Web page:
"Been There, Done That" Tips & Ideas: Making the Most of Summer Prep and Planning
Teachers share four strategies for preparing for the first day of school.
- Grades: PreK–K, 1–2, 3–5, 6–8, 9–12
Whether you have two days, two weeks, or two months during the summer to prepare for the first day of school, the time goes by too fast. Discover how other new teachers have managed to get all the essentials done before the bell.
In the summer before your first year of teaching, what did you do to get ready?
"I started by measuring and drawing a diagram of the classroom and deciding how I wanted to set it up. I figured out how many bulletin boards I needed to decorate, the content materials I needed for them, and which space would work best for seasonal decorations and student work. I posted rules and what I would be using as our behavior management program. Once I got my class list, I worked on getting student names up around the room, on desks, and on the word wall. I wrote a welcome letter and mailed it to each of my students. I prepared my grade book with student names, a schedule for student of the week, and parent phone numbers. I worked a long time getting ready for school and was probably a little obsessive about being prepared." –Carolyn Pratt, Grantsville, Utah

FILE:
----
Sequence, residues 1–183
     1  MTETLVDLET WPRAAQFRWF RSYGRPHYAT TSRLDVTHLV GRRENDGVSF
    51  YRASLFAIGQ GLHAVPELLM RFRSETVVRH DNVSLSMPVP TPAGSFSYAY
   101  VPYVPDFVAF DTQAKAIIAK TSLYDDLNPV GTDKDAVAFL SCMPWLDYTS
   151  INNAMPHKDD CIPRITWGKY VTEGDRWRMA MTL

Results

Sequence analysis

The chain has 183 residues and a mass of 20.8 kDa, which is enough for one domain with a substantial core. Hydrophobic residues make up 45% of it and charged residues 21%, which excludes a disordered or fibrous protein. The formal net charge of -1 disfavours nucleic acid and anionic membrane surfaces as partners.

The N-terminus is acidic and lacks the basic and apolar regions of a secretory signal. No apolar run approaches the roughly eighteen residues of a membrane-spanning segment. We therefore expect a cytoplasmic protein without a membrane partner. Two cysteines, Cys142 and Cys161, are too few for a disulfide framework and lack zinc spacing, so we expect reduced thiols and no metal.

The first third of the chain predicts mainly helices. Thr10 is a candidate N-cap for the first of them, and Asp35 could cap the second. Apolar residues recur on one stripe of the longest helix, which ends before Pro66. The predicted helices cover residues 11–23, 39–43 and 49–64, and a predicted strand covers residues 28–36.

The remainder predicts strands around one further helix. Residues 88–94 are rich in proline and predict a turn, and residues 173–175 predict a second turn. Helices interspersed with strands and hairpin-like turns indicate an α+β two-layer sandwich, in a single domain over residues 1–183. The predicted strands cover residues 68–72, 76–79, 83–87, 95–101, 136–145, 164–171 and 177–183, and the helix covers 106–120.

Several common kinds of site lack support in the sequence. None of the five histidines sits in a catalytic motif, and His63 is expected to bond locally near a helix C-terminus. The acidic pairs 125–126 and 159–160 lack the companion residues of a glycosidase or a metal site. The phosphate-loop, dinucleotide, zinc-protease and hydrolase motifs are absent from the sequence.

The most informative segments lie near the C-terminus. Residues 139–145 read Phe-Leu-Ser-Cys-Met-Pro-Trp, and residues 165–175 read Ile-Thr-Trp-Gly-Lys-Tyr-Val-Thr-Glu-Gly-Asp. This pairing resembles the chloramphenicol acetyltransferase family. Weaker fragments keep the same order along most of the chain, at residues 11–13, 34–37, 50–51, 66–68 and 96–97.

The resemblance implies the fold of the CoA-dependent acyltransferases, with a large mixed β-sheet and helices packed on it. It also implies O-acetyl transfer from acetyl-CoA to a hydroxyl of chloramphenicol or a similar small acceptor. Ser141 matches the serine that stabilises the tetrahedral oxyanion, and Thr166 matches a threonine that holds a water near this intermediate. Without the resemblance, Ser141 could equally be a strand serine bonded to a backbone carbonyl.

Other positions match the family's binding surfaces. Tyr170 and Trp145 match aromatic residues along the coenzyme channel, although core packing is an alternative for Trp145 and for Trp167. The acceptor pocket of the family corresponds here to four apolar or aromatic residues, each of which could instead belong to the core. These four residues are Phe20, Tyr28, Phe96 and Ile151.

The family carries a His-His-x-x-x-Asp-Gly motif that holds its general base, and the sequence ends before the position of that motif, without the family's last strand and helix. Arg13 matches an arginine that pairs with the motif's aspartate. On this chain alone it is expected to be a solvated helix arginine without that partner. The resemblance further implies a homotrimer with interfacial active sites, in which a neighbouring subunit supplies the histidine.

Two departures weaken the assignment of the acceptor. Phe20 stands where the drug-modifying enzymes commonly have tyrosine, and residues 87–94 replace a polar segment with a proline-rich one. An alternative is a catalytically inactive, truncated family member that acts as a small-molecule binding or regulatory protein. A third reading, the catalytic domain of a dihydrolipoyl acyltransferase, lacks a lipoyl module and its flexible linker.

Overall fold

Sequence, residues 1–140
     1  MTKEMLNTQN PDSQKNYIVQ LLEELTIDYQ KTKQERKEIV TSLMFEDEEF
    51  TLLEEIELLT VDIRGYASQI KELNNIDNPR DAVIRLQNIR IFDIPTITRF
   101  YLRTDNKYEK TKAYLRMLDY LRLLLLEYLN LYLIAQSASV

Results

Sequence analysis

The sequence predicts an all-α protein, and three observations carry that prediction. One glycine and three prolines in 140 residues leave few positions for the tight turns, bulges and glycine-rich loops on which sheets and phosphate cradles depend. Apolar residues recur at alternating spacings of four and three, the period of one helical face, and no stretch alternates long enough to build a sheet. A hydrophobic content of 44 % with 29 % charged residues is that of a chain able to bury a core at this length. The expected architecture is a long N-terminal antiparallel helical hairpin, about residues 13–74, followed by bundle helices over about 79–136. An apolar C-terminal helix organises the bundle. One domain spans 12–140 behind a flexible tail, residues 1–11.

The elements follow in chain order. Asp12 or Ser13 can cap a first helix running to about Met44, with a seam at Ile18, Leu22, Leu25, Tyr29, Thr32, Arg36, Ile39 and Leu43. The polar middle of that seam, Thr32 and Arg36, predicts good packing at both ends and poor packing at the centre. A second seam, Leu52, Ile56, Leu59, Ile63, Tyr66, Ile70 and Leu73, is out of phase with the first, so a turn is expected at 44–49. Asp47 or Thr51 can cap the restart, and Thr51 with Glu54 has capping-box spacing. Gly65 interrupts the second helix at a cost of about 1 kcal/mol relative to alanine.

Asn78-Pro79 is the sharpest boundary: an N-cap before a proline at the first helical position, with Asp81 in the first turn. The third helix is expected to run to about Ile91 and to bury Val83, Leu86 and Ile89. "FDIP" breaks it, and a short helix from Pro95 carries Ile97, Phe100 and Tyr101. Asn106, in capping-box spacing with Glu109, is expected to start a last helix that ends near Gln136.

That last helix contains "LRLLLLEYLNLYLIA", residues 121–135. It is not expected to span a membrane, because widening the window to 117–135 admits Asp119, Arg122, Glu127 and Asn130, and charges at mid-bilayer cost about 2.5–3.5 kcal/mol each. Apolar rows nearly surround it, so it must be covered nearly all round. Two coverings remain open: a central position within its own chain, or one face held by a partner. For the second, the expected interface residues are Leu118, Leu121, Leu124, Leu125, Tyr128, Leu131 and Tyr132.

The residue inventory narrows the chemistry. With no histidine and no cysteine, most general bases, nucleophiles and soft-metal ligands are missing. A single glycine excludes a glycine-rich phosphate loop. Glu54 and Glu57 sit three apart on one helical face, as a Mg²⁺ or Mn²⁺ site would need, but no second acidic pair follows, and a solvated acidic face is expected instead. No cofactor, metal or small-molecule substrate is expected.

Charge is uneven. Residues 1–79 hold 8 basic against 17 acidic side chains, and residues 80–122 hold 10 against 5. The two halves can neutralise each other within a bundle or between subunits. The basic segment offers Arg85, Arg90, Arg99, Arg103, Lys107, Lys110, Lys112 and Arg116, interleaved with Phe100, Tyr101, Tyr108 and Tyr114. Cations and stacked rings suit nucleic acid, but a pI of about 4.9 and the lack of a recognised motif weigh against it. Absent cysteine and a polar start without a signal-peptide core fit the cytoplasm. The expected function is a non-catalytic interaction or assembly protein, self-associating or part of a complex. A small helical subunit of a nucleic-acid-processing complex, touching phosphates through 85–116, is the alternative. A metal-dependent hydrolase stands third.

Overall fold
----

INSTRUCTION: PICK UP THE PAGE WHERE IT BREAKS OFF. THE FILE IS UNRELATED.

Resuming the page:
"To prepare for my first year of teaching, I went to the classroom and contacted the previous teacher about the materials she left that she wanted to sell. I purchased them and began furiously cleaning and rearranging everything to have things set up the way I wanted. I took a look at classes around the building to see which things worked that I would want to do." –Erica Jaramillo, West Des Moines, Iowa
"During the summer I purchased things for my classroom, but I wasn't able to get into the building until a few days before school started. So I scrambled those days to get everything done, working about 12 hours a day. We had open house the first morning of school, so I had to prepare all the necessary information for the parents on top of opening day activities to get to know my students." –Sarah Magnafichi, Elk Grove Village, Illinois
"I spent hours getting my room ready. I made pockets for the back of each seat. I organized the mess of stuff I inherited and tried to get creative with the space I had to work with, and do it with zero dollars. I did my best to map out a curriculum. I talked to my mentor teacher and team. I made some lesson plans and daily plans for the first two weeks of school. I poured over the daily routines and schedules I wanted to implement." –Andrea Despain, Pleasant Grove, Utah